Though the game made the rounds for some time, it’s only recently that developer The Behemoth has been showing off the co-op portion of Pit People. The hex-based strategy game borrows the aesthetic and humor of the developer’s previous releases Castle Crashers and BattleBlock Theater, but the underlying mechanics are entirely different. Which is why myself and fellow Inverse writer Steve Haske decided to give it a whirl while at PAX West.
The two of us spent around 40 minutes playing through the relatively new co-op campaign demo together. This was on what appeared to be an Xbox One, though there’s no reason to think the PC version would be terribly different. Once we got going, we had a decent time of it, but the getting going … well.
ROLLIN: I came late to The Behemoth. Castle Crashers was something I only ever played with friends when visiting their houses. I didn’t even own an Xbox 360 until the release of Mass Effect 2, I think? I want to say I got an early copy. Anyway, I fell in love with Behemoth’s brand of nonsense then, and it’s definitely present here. But man, the controls do feel a little rough around the edges.
STEVE: I agree, Rollin. I’m actually not as much of a Behemoth fan – I played some of BattleBlock Theater in co-op, which was a bit fun, but their schtick isn’t necessarily my favorite. So Pit Peoples take on strategy RPGs, a favorite genre of mine when done by some Japanese teams, feels a bit off. Mostly I just felt immediately overwhelmed, and the controls were a big part of that. Maybe because we were playing with these giant hulks of arcade controllers?
ROLLIN: Oh jeez, yeah. Those things were kind of intense. I both loved and hated them. For those not actually at the event: Other than resembling a traditional arcade fighting stick, the Y button was mapped to a giant lever (shaped like a Y, of course) that you held down to confirm your actions.
STEVE: They were fun, but also they’re not at all conducive to the genre. It just added another layer of confusion to everything that was going on, which was already an insane mess given the very shallow tutorial and the extremely noisy on-screen action itself. It took me a few rounds to realize that you had to incongruously “drive the action forward by using the stick shift-esque Y lever. I doubt theyll release the arcade stick for home use anyway. It’d be about as useful as Steel Battalion.
ROLLIN: Yeah, speaking of, you were not a fan of how the user interface worked for this. Something about the way it communicated which unit each player was controlling at any given time, and which had already been given commands? I feel like I caught on pretty quick, but then I’ve played way more of the hex-based games than you, it sounds like.
STEVE: Yeah, it was a matter of the game not clearly communicating who I was controlling. The fat lines used to indicate where you can move any given character – replacing the easier to read but less stylized method of just highlighting which hexagon you want – made it difficult to track their origin point very easily, particularly since they stay on screen after confirming an action. So at any given time it seemed like you had a bunch of crisscrossing waypoints all over the map, obscuring characters. But you’re right, I’ve only ever played the Sega hex-RPG Resonance of Fate, which only kind of counts and no one knows about anyway. I don’t like overly (or needlessly) cluttered UI.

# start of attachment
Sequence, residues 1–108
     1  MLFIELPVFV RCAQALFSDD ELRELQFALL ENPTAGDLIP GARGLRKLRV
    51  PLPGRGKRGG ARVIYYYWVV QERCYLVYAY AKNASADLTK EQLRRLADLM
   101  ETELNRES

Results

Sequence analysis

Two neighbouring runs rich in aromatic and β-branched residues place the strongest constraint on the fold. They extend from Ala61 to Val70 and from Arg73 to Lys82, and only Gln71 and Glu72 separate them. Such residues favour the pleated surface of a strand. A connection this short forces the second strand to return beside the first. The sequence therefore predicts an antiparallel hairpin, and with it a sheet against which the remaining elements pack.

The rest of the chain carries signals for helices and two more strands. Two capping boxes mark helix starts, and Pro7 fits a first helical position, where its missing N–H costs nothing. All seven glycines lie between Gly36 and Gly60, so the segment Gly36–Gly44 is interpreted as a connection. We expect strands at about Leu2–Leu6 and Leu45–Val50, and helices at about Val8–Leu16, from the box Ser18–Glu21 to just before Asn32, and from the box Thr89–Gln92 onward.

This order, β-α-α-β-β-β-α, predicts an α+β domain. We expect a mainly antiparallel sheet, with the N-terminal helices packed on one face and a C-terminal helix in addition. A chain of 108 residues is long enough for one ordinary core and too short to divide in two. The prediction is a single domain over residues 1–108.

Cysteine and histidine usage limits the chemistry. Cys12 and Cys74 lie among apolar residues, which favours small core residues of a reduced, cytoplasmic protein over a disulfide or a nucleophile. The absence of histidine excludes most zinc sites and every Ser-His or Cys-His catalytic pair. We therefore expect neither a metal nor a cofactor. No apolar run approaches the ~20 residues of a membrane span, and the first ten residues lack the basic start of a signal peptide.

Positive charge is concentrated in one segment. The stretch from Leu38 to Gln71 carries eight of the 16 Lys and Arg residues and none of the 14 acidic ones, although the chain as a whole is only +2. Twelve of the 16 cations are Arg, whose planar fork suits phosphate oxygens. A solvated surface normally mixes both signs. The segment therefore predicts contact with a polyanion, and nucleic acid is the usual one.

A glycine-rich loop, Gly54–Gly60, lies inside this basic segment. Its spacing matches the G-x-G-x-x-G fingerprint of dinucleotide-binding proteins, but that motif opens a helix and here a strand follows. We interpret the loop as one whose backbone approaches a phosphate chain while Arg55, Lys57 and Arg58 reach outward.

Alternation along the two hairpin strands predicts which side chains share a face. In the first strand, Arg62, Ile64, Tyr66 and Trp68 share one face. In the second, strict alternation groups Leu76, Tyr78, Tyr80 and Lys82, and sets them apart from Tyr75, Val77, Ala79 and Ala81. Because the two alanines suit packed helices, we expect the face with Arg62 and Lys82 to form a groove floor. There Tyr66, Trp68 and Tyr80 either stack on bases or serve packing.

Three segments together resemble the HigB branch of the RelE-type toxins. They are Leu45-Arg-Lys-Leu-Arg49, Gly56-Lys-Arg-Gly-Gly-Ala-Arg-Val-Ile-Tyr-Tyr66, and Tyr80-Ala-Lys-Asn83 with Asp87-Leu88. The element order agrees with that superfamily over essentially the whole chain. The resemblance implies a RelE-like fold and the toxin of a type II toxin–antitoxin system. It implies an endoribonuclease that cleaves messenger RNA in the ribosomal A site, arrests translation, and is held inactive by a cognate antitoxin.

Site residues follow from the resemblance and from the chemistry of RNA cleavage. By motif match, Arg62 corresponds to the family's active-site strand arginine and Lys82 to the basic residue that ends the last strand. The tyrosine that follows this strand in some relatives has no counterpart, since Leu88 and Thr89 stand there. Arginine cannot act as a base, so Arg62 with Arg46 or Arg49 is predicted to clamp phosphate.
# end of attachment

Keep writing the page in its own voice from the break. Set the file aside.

ROLLIN: In defense of the lines, it looked like there are actually hazards on the map that characters can cross over. In that one arena map, there were spikes on the ground that apparently hurt characters moving through the hex!
STEVE: I feel like they still could communicate pathing with an easier grid overlay that disappears, or just by keeping destination hexes highlighted so you’d know who was moving where after setting the proper path. I guess my big problem isn’t just that lines stay on-screen, but it’s unnecessarily hard to tell which character you’re moving (especially when the UI is obscuring things) because at least I think this is the case because it’s so poorly communicated – each hex your team is standing on all flash at the same time. I just watched some gameplay footage because the action all blurred together, and I still find it irritatingly confusing and counter-intuitive. That was a kind of a common thing throughout the game design though – what the hell was all that stuff in the city?
ROLLIN: Oof, okay, yeah; I can agree with the city critique if nothing else. I had basically no idea what was going on or why, and I we spent all of three seconds in the equipment screen because of how overwhelming it was. I imagine that kind of thing gets easier as time goes on, but being dumped with that immediately wasnt pleasant. If I had a better sword, or something like that, I don’t think I could tell you how I was supposed to figure that out — let alone equip it.
STEVE: Same. Also, why were we initially fighting each other and then teaming up to fight a common enemy? Why add that extra confusion even if it was just there to illustrate how turns worked or something?
ROLLIN: I’m going to be honest here and say I dont know. It didn’t make too much sense to me at the time, and still doesn’t.
STEVE: Agreed. Sterling recommendation from me, then. As it stands (as far as strategy game are concerned, I can’t really pinpoint any motivating factor to play this aside from it being a Behemoth game (if you’re into that). Who knows, maybe the final version will be better. One can hope.
Photos via The Behemoth